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Frugal development and deployment of an innovative mobile health platform for COVID-19 in Sri Lanka: the case of SelfShield app
  1. Pandula Siribaddana1,
  2. Chathura Wirasinghe2,
  3. Sahan Perera1,
  4. Dilshan Ganepola3,
  5. Vajira H W Dissanayake4
  1. 1Postgraduate Institute of Medicine, University of Colombo, Colombo, Sri Lanka
  2. 2District General Hospital Nuwara Eliya, Nuwara Eliya, Sri Lanka
  3. 3Ministry of Health, Colombo, Sri Lanka
  4. 4Faculty of Medicine, University of Colombo, Colombo, Sri Lanka
  1. Correspondence to Dr Pandula Siribaddana, Postgraduate Institute of Medicine University of Colombo, Colombo, Sri Lanka; pandula{at}

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Summary box

What are the new findings?

  • Design of mobile digital health tools using cutting edge technology may be achieved frugally even in low-resource contexts.

  • Repurposing of communities of practice as design teams, digital transformation of evidence-based bedside clinical tests and agile methodologies fitting the purpose may help achieve frugalness.

How might it impact on healthcare in the future?

  • Focusing on already validated and tested bedside tests may form the foundation for digital health innovations aimed at patient empowerment in emergency situations.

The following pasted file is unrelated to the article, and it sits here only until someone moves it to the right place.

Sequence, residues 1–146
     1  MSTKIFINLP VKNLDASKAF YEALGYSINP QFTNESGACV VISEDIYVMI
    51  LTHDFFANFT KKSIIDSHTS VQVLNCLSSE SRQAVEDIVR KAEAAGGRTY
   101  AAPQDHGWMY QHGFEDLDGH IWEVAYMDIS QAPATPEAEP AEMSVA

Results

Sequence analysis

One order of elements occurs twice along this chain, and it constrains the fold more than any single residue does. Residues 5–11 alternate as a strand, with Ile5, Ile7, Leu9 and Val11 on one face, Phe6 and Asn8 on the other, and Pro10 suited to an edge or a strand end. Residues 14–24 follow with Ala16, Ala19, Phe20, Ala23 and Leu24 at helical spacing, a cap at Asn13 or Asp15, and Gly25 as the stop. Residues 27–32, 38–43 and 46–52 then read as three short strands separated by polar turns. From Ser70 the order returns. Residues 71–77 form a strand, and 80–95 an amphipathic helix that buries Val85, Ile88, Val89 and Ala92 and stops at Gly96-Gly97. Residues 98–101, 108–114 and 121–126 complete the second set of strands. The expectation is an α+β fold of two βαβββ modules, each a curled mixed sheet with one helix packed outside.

• User empowerment is a useful guide for digital health innovations particularly in response to pandemic situations in the future.


During the early phases of the COVID-19 pandemic, emerging technologies focused largely on strengthening the health system, supporting law enforcement authorities, and enabling researchers to model COVID-19 outbreaks and resource requirements.1 When the health systems are burdened by the influx of patients with COVID-19, it is neither practical nor rational to treat all patients with COVID-19 in the hospital as many will either be asymptomatic or mildly symptomatic. Thus, home monitoring of patients has been practised in many countries.2 3 Respiratory involvement was the first documented site of complications and still continues to be responsible for majority of the deaths.4 Therefore, in order to provide effective home care for patients with COVID-19, we recognised the need for a frugal technology tool to monitor patients remotely including monitoring the breathing performance.

Guided by the Commonwealth Centre for Digital Health (CWCDH), a voluntary group of medical doctors, health informaticians and software developers from Sri Lanka embarked on a mission to fulfil this need by developing a smart phone-based self-health checking tool. Named the SelfShield project, the system comprised a smart phone app, a dashboard for medical teams and machine learning algorithms capable of analysing breathing and voice signals.

This report reflects on our early experience with the SelfShield system and we were guided by …

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  • Contributors PS conceptualised and drafted the initial manuscript; and CW and SP expanded relevant sections. PS, DG and VHWD edited the final manuscript.

  • Funding The authors have not declared a specific grant for this research from any funding agency in the public, commercial or not-for-profit sectors.

  • Competing interests None declared.

  • Provenance and peer review Not commissioned; externally peer reviewed.